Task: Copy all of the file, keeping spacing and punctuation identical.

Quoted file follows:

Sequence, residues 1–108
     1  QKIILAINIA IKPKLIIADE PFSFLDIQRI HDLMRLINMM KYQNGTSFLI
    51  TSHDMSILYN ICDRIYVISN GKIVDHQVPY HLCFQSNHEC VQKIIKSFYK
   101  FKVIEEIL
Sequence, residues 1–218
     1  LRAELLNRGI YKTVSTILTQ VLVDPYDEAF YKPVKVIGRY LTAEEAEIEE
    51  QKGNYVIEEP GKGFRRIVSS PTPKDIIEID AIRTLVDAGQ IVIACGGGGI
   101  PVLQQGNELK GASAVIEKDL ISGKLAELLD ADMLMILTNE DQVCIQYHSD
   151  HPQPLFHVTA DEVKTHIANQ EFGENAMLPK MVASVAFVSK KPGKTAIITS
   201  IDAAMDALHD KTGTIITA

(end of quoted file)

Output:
Sequence, residues 1–108
     1  QKIILAINIA IKPKLIIADE PFSFLDIQRI HDLMRLINMM KYQNGTSFLI
    51  TSHDMSILYN ICDRIYVISN GKIVDHQVPY HLCFQSNHEC VQKIIKSFYK
   101  FKVIEEIL
Sequence, residues 1–218
     1  LRAELLNRGI YKTVSTILTQ VLVDPYDEAF YKPVKVIGRY LTAEEAEIEE
    51  QKGNYVIEEP GKGFRRIVSS PTPKDIIEID AIRTLVDAGQ IVIACGGGGI
   101  PVLQQGNELK GASAVIEKDL ISGKLAELLD ADMLMILTNE DQVCIQYHSD
   151  HPQPLFHVTA DEVKTHIANQ EFGENAMLPK MVASVAFVSK KPGKTAIITS
   201  IDAAMDALHD KTGTIITA